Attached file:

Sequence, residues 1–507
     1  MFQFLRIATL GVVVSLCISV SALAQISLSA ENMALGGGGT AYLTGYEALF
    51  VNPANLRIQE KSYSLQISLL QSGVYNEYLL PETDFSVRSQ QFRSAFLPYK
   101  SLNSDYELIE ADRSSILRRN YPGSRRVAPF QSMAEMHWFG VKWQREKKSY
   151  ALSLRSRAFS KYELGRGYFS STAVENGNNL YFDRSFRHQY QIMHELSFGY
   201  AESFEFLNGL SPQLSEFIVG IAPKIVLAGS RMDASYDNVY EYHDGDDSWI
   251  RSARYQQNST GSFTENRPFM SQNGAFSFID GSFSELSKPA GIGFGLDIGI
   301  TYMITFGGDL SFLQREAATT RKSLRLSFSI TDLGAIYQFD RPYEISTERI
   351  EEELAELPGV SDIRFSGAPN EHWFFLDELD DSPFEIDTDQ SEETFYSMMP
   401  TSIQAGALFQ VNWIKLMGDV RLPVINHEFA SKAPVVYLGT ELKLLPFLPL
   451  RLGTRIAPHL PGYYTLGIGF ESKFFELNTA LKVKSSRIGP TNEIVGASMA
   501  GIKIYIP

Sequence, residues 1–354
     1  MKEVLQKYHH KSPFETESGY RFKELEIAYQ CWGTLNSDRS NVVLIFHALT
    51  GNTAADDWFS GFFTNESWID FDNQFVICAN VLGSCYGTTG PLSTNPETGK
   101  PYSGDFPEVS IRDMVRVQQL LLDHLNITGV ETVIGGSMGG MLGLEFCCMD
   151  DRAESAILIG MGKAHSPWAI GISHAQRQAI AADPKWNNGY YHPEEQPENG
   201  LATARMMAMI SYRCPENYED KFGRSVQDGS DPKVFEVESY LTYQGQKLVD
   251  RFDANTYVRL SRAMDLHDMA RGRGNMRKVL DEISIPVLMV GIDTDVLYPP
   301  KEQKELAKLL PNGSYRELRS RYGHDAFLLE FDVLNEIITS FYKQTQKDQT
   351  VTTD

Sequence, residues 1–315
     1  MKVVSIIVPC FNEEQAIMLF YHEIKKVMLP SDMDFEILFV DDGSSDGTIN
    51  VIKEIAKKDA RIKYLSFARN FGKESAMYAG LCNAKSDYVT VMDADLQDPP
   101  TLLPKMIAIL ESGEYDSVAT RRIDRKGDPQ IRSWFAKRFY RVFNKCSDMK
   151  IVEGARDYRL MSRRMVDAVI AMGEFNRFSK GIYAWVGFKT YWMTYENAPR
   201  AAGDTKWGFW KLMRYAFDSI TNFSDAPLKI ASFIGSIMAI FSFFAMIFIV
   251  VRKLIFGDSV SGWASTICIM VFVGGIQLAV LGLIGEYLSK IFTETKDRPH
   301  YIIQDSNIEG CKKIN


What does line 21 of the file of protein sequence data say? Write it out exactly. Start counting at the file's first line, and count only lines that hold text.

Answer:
   351  VTTD